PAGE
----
With, Despite, Because

living your best life in chronic pain


Duration: 2 15-week semesters

My mother was diagnosed with fibromyalgia the same year that I developed chronic lower back pain. As we struggled separately with doctors, lifestyle changes, and the frustrations that come with a chronic condition, I wondered, was a good life still attainable for us? As it turned out, we were much less alone than I thought.


Nearly 1 in 3 Americans struggles with a chronic pain condition, whether it's lower back pain, carpal tunnel, arthritis, or fibromyalgia.


At the personal level, the question was mostly philosophical, but at scale, the question became: how can design affect chronic pain states where the medical field leaves off? Can design facilitate "the good life" for those in chronic pain?


At SVA's Products of Design program, everything is considered a design object - from industrial products, to digital interactions, to services and business designs.


My thesis took form in three parts: research, broad exploration, and the development of a suite of product offerings.




Scope: Eight books, two workshops, fourteen expert interviews, three user interviews, numerous scholarly articles, literature review.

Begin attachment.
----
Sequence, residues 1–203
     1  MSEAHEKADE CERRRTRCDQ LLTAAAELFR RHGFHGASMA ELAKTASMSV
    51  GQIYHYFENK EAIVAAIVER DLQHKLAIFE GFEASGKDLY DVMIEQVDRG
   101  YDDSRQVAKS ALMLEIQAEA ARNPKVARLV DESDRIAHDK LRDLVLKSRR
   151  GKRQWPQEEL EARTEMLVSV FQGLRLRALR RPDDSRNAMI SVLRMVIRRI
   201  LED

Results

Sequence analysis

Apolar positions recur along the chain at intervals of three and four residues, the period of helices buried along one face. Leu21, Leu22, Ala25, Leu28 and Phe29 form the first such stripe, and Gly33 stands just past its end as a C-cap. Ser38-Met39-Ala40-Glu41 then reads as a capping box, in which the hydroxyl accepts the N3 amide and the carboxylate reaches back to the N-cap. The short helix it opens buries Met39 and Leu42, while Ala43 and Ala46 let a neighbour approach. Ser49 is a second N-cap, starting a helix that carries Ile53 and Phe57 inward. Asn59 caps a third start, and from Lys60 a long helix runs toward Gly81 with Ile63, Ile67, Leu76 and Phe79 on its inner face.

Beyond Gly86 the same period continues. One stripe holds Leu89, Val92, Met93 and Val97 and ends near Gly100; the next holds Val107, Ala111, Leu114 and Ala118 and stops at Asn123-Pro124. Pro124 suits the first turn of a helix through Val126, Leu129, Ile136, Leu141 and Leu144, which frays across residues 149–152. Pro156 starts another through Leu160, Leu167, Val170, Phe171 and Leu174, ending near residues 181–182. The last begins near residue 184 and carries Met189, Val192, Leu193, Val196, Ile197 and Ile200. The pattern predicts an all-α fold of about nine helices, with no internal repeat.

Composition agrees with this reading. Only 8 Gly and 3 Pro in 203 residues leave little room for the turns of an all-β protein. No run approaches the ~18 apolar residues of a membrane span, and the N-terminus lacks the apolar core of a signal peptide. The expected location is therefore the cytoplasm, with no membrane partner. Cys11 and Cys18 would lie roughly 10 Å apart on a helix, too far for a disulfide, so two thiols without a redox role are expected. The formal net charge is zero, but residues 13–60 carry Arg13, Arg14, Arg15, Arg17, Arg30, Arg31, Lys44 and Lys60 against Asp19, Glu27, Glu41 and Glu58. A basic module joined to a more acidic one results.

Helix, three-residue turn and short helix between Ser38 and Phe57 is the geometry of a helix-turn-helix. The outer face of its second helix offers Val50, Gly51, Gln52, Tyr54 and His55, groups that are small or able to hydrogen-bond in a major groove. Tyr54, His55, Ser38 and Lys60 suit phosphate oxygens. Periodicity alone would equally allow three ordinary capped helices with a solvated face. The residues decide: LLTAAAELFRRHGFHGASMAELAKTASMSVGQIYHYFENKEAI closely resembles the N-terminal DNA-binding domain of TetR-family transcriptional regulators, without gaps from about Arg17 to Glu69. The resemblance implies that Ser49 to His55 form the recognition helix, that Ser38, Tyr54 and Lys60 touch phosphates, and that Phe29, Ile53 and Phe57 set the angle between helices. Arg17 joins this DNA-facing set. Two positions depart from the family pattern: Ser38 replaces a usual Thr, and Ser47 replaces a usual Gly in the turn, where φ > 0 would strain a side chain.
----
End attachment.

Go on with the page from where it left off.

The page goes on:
I began my research process knowing that I was interested in the field of chronic pain treatment from a holistic point of view. Medical doctors cannot provide a complete solution to creating a positive lifestyle in chronic pain, nor do they have time to - so it is often left up to the person in pain to determine what regiments work best for them.

Inspired by Martin Seligmann's "Positive Psychology" manifesto, I kicked off my research with a co-creation workshop at the New York Public Library. I recruited an interdisciplinary team of designers to imagine a process for empathizing with and designing for chronic pain lifestyles.


Next, I partnered with Song Lee from SVA's Interaction Design program to put together a user-centered workshop: NOMO FOMO, a feedback session in the form of an intimate party in the Financial District.

While snacking on hummus and crisp vegetables, we moderated a conversation between four young women who had never met before. Though they each had different chronic conditions, ranging from cancer to binge eating disorder, they showed remarkable similarities in their experiences with the medical system, their journeys, and their new lifestyles.



Scope: 100 concept sketches, 3 rough prototypes, screen design, service design, social enterprise, sustainable product design.

Format: 1-2 week sprints


In process: advanced product development


Over the break between semesters, I had the chance to synthesize the lessons I had learned from my brief forays into potential design directions for my thesis. VestMe in particular crystallized something that had been on my mind: that living well with chronic pain means both creating positive habits, and breaking down the barriers to them.


I am now in the process of developing several concepts for final inclusion in my suite of thesis products. I am most excited about these: